Lithography is created with lithographic limestone traditionally found in Germany. The stone is exceptionally fine-grained and can be finely polished. The stone’s surface is drawn on with oil-based dermatograph pencils. The drawn image is then treated with nitric acid to help the image absorb oil and repel water. On the other hand, gum arabic, a natural gum made of hardened tree sap, is applied elsewhere on the surface, which creates the opposite effect and makes the blank portions absorb water and repel oil. Thereafter, oil-based ink is applied with rollers, and is absorbed only by the portions treated with acid. On the blank portions, water is applied to dampen the surface in preparation for printing. Lastly, paper is placed on the stone and fed through the printing press, transferring the inked image onto paper.
The original painting of Mountain Light blown into Wrinkles features an ensemble of fine dots created by the interaction of ink and turpentine in water. Visually, the ink dots bear a striking resemblance to the natural grain patterns of limestone, and lithography was therefore the definite choice for recreating Mountain Light.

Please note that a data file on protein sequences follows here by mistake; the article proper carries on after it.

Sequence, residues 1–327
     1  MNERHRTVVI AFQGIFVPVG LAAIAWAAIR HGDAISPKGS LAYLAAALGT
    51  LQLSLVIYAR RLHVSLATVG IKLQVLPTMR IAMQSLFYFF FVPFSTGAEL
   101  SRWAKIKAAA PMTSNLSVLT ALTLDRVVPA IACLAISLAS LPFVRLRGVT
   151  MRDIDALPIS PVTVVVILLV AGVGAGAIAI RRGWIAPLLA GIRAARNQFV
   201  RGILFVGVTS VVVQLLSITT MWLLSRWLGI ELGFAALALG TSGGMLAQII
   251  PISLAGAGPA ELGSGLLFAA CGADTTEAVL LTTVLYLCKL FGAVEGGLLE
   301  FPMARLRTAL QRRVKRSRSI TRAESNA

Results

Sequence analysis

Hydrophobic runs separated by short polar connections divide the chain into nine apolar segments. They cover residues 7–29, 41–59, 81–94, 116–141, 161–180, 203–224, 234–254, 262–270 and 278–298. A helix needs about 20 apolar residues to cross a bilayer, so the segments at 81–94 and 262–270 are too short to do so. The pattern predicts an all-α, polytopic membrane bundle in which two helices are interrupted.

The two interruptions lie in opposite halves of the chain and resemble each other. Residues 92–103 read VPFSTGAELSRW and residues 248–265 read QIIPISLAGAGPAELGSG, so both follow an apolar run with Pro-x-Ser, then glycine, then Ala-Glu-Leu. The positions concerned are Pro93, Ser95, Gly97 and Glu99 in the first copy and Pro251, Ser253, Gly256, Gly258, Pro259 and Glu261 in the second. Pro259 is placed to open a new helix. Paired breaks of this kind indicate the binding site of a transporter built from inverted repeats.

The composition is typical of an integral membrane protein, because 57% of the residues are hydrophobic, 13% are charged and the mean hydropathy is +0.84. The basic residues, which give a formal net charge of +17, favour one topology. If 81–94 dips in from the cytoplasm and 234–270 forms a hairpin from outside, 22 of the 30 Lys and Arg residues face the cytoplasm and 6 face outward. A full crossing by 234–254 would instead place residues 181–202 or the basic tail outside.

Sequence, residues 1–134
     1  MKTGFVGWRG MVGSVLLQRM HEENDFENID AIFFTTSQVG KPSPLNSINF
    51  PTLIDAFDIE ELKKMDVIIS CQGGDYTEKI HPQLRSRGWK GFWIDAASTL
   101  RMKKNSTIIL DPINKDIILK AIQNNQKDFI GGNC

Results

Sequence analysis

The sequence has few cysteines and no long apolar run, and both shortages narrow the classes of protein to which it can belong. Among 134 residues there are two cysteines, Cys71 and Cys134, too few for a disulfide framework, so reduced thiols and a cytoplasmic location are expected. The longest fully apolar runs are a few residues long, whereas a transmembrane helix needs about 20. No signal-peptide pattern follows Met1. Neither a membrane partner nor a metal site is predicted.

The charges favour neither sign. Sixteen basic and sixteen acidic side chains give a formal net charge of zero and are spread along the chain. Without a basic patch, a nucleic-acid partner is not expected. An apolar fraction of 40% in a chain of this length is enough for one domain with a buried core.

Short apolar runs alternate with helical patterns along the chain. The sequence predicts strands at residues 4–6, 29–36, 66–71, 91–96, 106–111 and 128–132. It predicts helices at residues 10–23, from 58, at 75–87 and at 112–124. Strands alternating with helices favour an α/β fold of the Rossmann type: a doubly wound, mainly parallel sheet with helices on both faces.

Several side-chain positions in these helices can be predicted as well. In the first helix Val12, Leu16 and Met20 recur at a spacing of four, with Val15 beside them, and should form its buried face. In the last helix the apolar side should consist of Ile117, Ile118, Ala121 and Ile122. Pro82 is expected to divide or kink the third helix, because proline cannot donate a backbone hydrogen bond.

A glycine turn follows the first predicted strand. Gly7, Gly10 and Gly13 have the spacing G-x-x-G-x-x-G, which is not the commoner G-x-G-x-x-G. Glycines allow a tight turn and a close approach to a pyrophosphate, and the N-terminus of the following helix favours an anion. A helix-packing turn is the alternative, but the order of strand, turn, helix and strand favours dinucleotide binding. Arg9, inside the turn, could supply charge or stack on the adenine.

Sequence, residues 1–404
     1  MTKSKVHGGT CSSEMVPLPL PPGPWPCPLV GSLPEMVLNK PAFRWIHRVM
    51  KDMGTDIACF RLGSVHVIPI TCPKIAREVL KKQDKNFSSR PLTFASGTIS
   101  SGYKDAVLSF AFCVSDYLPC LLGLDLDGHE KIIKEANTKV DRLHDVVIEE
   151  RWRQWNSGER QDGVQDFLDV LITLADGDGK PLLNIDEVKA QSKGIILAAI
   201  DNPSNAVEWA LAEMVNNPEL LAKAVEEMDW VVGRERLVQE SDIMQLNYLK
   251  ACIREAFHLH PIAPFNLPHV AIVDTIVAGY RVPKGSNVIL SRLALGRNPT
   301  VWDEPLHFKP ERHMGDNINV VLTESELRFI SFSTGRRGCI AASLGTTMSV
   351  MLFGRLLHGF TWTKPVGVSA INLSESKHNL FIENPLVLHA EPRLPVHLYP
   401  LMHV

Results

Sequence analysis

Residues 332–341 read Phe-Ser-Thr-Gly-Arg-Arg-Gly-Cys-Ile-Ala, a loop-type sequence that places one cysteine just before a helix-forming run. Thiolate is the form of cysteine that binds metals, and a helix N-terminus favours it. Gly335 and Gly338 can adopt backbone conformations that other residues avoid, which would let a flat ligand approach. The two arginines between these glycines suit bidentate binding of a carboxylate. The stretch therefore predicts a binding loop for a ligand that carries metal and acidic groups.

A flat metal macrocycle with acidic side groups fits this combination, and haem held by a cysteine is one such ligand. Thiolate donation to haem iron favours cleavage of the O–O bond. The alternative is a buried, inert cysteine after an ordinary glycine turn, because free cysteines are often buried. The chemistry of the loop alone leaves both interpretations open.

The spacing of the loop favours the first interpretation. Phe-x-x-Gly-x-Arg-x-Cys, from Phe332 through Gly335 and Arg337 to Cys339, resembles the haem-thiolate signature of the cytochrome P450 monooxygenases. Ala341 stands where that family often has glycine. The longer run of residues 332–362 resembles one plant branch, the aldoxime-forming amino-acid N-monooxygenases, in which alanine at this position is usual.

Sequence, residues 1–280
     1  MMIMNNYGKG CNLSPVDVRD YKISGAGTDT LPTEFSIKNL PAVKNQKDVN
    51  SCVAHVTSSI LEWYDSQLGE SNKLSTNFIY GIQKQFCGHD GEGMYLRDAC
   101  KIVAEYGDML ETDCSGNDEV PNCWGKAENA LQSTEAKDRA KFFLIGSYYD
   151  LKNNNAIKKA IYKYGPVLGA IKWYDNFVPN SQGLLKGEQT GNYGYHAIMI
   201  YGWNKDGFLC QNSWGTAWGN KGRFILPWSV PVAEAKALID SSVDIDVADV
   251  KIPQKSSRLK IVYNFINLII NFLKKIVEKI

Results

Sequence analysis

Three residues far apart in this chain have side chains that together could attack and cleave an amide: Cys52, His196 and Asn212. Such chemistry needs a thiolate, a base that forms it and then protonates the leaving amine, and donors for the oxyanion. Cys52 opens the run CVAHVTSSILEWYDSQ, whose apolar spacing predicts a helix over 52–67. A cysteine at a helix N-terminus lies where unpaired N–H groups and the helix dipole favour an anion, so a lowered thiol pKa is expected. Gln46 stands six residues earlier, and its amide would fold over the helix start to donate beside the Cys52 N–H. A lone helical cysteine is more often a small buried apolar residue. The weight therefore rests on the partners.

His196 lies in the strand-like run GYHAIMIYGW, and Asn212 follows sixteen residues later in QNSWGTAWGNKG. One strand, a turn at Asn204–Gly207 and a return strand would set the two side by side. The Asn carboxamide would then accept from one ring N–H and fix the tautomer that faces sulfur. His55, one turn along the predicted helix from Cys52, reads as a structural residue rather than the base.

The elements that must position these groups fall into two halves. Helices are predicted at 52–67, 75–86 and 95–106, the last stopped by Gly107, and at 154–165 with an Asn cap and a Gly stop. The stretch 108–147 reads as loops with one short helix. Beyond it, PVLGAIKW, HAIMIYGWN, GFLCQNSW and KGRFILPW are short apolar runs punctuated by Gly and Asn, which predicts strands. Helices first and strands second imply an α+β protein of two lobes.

Firstly, the lithographic limestone is polished with fine sandpaper to manipulate the grain pattern to further emulate the size and pattern of the ink dots of the original. Working with dermatograph pencils, the printmakers spent over a month recreating the composition. The stone’s surface is then carefully treated with nitric acid to enhance the lines and contours of the drawn image. After being inked and pressed, the printed result brilliantly represents the monochromatic and elegant nature of the original painting.